Kagawa felt a burning call from God to work for and among these people. He lived in the slums for 15 years. His work was amazingly holistic; he worked as a passionate evangelist, social reformer, labour activist and union organiser. He developed churches, schools, hospitals and co-operatives among factory workers and farmers. The Kobe/Nada Co- operative which he helped start is still in existence and is the largest single Co-op in the world with four million members.
In the 1920’s he was frequently arrested for his involvement with labour activism which was actively discouraged by Japanese political leaders at the time. He became a key figure in the development of the first Japanese Unions and in 1928 organised the “Japanese Federation of Labour.” As a result of his tireless work he became known as the champion of the poor.
But he was not only an organiser he also researched and wrote on the causes of poverty. He became a prolific author and his writing both educated and touched the conscience of the Japanese public. He was also a celebrated poet and his book “A grain of Wheat’ which was published in 1933 was at one stage the most widely read book in Japan. His books sold in their thousands and he became Japans most popular author. He was also an early environmentalist and initiated a very effective tree planting program in Japans rural areas.
In 1923 Tokyo experienced what they still call ‘the great earthquake’ which devastated parts of the city particularly areas where the poor lived. Kagawa was now so respected he was asked by the city officials to take charge of its relief work and later was put in charge of the city’s social services.
His other extraordinary achievement was that he became the first person to advocate for a national health care system for the whole country which was eventually achieved, one of the first in the world.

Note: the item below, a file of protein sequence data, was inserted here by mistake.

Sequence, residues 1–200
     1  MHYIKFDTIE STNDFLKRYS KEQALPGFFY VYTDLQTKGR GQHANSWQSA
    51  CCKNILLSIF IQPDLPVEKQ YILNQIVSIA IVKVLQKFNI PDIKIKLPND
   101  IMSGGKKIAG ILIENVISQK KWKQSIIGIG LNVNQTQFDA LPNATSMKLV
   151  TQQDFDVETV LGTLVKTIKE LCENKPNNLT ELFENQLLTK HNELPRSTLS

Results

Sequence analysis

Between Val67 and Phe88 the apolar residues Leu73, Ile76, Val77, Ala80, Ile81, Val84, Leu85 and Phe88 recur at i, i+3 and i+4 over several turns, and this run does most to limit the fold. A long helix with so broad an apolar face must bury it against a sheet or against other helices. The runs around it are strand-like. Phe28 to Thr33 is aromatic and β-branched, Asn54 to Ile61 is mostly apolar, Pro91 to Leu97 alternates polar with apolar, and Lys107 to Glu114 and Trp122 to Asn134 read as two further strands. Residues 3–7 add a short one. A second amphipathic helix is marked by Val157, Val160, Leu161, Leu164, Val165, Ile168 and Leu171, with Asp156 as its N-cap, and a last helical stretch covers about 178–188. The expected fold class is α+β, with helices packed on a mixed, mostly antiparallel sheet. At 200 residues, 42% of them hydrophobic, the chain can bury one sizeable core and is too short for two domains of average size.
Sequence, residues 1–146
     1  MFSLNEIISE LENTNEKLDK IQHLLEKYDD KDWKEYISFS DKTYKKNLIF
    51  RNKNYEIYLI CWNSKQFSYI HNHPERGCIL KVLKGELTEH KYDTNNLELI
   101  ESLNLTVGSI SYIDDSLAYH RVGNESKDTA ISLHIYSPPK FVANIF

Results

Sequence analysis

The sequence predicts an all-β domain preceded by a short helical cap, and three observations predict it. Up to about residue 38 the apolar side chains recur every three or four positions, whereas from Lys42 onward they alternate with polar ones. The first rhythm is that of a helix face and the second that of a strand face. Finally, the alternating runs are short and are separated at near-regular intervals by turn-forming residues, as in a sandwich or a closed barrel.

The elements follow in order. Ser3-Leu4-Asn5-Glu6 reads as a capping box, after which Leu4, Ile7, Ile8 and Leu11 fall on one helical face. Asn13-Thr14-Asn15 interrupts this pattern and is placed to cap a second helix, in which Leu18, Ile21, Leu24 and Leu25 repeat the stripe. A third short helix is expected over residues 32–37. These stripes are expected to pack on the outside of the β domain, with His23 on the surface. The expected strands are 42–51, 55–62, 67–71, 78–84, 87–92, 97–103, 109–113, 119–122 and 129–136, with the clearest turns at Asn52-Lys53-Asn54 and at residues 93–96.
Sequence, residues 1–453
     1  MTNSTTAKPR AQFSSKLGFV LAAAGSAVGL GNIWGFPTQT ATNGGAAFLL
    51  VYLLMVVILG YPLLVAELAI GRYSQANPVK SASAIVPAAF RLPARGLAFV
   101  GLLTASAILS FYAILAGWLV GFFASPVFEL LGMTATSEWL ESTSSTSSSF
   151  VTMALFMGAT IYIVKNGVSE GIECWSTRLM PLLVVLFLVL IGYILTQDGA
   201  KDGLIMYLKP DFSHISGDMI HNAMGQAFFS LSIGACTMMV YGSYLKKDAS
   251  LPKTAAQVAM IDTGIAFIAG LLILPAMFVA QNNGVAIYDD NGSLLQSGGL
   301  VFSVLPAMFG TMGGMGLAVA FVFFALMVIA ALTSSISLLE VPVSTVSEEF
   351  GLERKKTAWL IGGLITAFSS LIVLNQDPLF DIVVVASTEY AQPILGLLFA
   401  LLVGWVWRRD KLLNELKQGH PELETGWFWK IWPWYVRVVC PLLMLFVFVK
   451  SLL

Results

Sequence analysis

But as mentioned earlier he was not only a social reformer he was also a passionate evangelist. For eight years from 1926- 1934 he conducted a nationwide evangelistic campaign called the “kingdom of God Movement” speaking to large crowds.
He had studied at Princeton in the US from 1914-1916 and was well known there. Before the outbreak of the Second World War he returned briefly to the US in an attempt to prevent the outbreak of war. As a pacifist he was deeply opposed to Japans militarisation and Imperial plans. He was arrested in Japan in 1940 for making a public apology to China for Japans brutal occupation of that country, an occupation whose memory lingers on with bitterness in China today.
After Japan’s defeat and occupation by the US he became an adviser to the Post War Transition Government. He was a strong advocate for Article 9 in the post war Japanese Constitution that renounces war as a means to settle international disputes. Japan is the only country with such a clause, although it is now a matter of some dispute as Japan re-arms today. He was nominated for the Nobel Prize in literature in 1947 and 1948 the Nobel Peace Prize in 1954 and 1955. At his death in 1960 he was awarded Japans second highest award the Order of the Sacred Treasure but his call for a national act of repentance after the war was not received well by the Japanese and was a significant factor in his loss of popularity and marginalisation. But his social reforms live on and still bear fruit in Japan.
There is an interesting connection with Australia and Victoria. The late Fletcher Jones a Christian business man who built the very successful “Fletcher Jones” clothing company was very influenced by Kagawa’s ideas and brought him to Victoria to speak in 1935 at Warnambool where Fletcher had his business. Fletcher also went to Japan in 1936 to study the co-operatives started by Kagawa and this shaped his approach to staff involvement and financial sharing in the company which was very successful and an outstanding model of Christian principles applied to business and labour co-operation.
Kagawa, an outstanding example of Christian servanthood was motivated to achieve these things because he believed that, as he expressed it in one of his poems,
God who dwells in my hand
Knows this secret plan
Of the things he will do for the world
Using my hand!
(From the poem “Discovery”)